“Providing a mobility sharing service will hopefully encourage them to use bicycles or e-scooters instead, ” he added.

Ng said the geofencing technology employed by Anywheel for their two-wheelers would address the problems faced by previous bike-sharing services, such as indiscriminate parking and dumping of bicycles.

“Users will be required to park the bicycles in designated areas and scan a QR code there to end their ride.

“They will face a penalty if they fail to do so, including additional fees and deducted points, ” he said and elaborated that enforcement would be jointly handled by the service operator and local council.

“Selangor will take the lead in drawing up guidelines for what can and cannot be done by active mobility service operators in the state.

“However, regulation of e-scooters will come under Transport Ministry or JPJ’s jurisdiction, including the maximum speed limit and whether safety equipment is mandatory.

“There is also potential for expanding the active mobility service to other areas in Selangor, such as Bandar Sunway, Puchong Jaya, Ampang Jaya, Subang Jaya and SS2.

“For these areas, e-scooters and bicycles will be used for getting around within a township or running errands, rather than connecting city to city, ” he said, adding that the expansion could happen by late 2020, depending on the project’s success in Shah Alam.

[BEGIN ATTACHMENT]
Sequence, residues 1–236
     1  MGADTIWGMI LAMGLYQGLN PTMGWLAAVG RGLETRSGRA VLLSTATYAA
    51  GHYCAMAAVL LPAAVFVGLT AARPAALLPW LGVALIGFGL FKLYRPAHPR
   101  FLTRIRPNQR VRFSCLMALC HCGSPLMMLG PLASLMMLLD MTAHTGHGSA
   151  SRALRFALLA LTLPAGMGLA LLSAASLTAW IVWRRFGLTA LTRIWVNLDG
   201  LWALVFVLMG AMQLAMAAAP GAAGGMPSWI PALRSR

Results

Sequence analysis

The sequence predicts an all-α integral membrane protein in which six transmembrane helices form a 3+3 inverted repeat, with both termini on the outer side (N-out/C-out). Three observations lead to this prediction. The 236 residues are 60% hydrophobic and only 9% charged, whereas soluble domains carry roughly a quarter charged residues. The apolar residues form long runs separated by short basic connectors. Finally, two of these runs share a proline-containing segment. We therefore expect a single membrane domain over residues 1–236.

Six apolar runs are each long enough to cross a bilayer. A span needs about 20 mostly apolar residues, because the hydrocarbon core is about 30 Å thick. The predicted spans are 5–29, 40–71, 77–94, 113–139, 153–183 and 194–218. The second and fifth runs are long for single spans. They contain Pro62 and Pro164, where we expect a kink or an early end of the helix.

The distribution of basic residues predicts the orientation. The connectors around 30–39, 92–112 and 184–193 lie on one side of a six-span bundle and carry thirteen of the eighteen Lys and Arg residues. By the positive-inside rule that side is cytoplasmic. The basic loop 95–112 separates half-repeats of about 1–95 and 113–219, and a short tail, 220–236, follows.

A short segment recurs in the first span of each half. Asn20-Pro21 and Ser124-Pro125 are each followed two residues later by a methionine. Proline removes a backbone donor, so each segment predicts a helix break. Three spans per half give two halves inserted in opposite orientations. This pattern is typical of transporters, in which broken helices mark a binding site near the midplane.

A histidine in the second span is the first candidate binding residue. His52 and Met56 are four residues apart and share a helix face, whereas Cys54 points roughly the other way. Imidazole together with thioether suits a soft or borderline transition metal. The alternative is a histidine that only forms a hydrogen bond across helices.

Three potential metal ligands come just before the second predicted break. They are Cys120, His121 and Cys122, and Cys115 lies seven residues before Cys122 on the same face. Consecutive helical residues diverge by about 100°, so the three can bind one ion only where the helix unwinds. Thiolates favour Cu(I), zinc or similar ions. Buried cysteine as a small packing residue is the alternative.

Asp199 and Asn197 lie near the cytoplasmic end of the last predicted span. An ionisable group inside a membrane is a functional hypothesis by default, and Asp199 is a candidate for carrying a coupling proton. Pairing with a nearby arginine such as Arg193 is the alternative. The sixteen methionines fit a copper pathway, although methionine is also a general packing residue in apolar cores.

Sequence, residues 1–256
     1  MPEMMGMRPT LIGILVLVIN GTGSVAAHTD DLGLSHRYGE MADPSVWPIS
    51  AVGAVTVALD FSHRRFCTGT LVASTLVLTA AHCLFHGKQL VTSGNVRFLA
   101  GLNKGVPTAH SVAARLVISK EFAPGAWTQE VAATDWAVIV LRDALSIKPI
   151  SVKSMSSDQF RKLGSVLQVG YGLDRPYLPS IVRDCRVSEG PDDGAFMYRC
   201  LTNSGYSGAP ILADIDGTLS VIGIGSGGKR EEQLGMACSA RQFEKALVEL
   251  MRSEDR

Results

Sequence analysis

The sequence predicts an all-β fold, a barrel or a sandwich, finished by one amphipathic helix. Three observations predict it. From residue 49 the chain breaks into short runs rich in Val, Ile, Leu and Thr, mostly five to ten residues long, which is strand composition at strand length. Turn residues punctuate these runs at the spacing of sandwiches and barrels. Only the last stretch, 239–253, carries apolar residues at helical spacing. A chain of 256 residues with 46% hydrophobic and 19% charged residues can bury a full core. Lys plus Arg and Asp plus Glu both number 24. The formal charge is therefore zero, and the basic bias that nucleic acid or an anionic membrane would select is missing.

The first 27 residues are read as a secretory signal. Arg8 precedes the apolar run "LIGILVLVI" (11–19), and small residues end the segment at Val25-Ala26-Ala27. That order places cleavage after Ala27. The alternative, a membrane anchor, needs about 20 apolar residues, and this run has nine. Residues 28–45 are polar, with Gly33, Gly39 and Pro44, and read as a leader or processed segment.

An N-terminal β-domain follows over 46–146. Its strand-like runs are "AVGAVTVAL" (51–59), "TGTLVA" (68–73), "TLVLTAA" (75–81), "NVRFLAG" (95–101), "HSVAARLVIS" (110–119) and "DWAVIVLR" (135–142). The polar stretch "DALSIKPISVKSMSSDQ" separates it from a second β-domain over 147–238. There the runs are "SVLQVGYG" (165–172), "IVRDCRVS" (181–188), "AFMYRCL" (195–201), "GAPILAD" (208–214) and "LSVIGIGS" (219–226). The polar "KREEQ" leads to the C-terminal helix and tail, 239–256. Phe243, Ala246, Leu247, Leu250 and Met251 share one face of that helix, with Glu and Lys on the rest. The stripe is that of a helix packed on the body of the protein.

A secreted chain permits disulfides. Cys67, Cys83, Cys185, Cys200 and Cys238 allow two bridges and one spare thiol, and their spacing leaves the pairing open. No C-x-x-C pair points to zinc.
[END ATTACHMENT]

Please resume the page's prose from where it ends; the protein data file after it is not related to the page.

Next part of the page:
In areas where there were no dedicated bicycle lanes, Ng said the local councils could consider opening up back alleys for bicycles and e-scooters.

He added that doing so would simultaneously address the issue of riders’ safety and cleanliness of back lanes.

KL on hold

Kuala Lumpur City Hall (DBKL) executive director (Socioeconomic Development) Datuk Ibrahim Yusoff said discussions on the use of e-scooters in Kuala Lumpur were still in early stages.

“Our Civil Engineering and Urban Transportation Departments are still analysing with the police the feasibility of using e-scooters in this city.

“E-scooters are still not allowed in Kuala Lumpur because without proper guidelines, they are dangerous when used on the road or pedestrian walkway.

“And we do not want the situation to turn out like oBike, where in the early stages it was alright but it became a problem for the city later, ” he said.

The oBike service was an on-demand and dockless bike-sharing platform introduced in 2017.

While it was popular during its introduction period, things fell apart when the problem of uncollected bicycles and complaints of obstruction started cropping up.

DBKL’s Enforcement Department had to confiscate oBike bicycles that were abandoned in the city as they obstructed pedestrian walkways and streets.

At the moment, Beam is the only operator for shared e-scooter rental in Kuala Lumpur.

However, Ibrahim said DBKL had sent a letter to Beam to stop its operations until the company received clearance from the relevant agencies.

“We have not allowed Beam to operate in Kuala Lumpur and we have taken enforcement action on e-scooters that are scattered around the city.

“We have confiscated more than 100 e-scooters that obstructed vehicular traffic or pedestrian walkways, because they were an eyesore and caused public inconvenience, ” he said.